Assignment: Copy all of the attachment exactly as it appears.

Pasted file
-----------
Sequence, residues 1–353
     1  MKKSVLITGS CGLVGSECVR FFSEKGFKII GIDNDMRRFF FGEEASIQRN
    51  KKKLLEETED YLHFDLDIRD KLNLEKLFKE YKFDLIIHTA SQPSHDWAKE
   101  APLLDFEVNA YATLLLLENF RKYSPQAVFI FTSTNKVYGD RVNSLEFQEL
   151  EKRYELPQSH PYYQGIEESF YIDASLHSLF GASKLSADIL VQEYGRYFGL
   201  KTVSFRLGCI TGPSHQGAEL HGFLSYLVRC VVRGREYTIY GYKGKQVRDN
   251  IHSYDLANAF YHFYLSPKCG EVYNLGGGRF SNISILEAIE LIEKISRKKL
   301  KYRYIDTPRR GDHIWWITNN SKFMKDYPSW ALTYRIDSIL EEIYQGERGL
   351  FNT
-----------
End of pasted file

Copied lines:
Sequence, residues 1–353
     1  MKKSVLITGS CGLVGSECVR FFSEKGFKII GIDNDMRRFF FGEEASIQRN
    51  KKKLLEETED YLHFDLDIRD KLNLEKLFKE YKFDLIIHTA SQPSHDWAKE
   101  APLLDFEVNA YATLLLLENF RKYSPQAVFI FTSTNKVYGD RVNSLEFQEL
   151  EKRYELPQSH PYYQGIEESF YIDASLHSLF GASKLSADIL VQEYGRYFGL
   201  KTVSFRLGCI TGPSHQGAEL HGFLSYLVRC VVRGREYTIY GYKGKQVRDN
   251  IHSYDLANAF YHFYLSPKCG EVYNLGGGRF SNISILEAIE LIEKISRKKL
   301  KYRYIDTPRR GDHIWWITNN SKFMKDYPSW ALTYRIDSIL EEIYQGERGL
   351  FNT